Your CV is an important sales document. Its aim is to get you an interview, so it’s essential that it’s as professional-looking and relevant as possible. Although there is no ‘correct’ way of writing a CV, there are a number of conventions that make it easier to read, which will help guide the reader through your information.
Bearing this in mind, there are some clear points to avoid, and some things to include, in any CV.
- Target your CV specifically to the job and company you’re applying to (more information about how to do this appears later in the article). Generic CVs do not stand out and will not get employers’ attention.
- Keep the information relevant. The employer doesn’t want to read your entire life story, only the bits that relate to the job on offer.
- Be clear and concise. Avoid waffling, as this can put the reader off.
- Check your presentation! Things like spelling and grammatical mistakes or poor layout make a bad first impression. Many employers will screen CVs on spelling and grammatical errors; too many and your CV may not pass the first round. If you post your CV to an employer, make sure the paper is pristine, i.e. no coffee rings or dog-eared corners.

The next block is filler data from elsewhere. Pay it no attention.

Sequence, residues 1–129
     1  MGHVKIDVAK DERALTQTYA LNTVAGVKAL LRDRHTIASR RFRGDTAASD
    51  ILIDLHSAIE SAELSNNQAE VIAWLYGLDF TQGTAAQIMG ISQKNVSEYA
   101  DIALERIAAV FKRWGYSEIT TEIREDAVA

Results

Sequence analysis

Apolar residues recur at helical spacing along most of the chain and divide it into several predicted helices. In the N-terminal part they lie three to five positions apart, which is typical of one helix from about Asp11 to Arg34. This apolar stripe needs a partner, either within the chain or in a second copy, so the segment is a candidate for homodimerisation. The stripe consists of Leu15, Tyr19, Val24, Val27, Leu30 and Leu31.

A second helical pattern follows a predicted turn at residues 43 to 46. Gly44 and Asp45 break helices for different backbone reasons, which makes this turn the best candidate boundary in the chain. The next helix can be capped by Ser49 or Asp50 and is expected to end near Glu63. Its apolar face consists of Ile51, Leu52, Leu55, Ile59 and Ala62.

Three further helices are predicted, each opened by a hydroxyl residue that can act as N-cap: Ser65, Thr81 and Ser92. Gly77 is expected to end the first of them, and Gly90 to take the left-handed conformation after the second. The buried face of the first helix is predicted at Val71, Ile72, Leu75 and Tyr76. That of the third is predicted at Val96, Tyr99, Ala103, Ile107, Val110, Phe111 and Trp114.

- Think about your hobbies and interests. If you decide to include this section, think about what it says about you. If you claim to be a team player on your CV, but your hobbies include walking your dog and spending time by yourself, this may raise some questions.
- Always send a cover letter. You should never send a CV, either by post or by email, without a covering letter. This should be one side of A4, explaining why you are applying for the job and what skills and qualities make you a suitable applicant. It should be in the same font and on the same type of paper as your CV, so that the two documents obviously go together.
- Get too creative with the format. It’s great if your CV stands out, but it’s important that the reader can easily find the information they want. Pictures, unusual fonts and colors can look unprofessional, and often do not look good once they have been photocopied or faxed. Stick to a standard font (e.g. Arial, Helvetica, Times New Roman) and a standard size (11 or 12).
- Write too much or too little. Your CV should be no longer or shorter than two sides of A4 (one and a half pages is not acceptable) and should use bullet points o present information, such as the duties you performed in previous jobs. Overlong CVs or those with large blocks of text are very off-putting to the reader.
- Lie! It sounds obvious, but it’s really important to be as truthful as possible on your CV. You’re likely to get found out if you’re not, and it could cost you the job if you’ve already started work.
- Write ‘CV’ or ‘Curriculum Vitae’ at the top. It’s obvious what the document is (you wouldn’t write ‘A Letter’ at the top of a letter), so put your name at the top instead.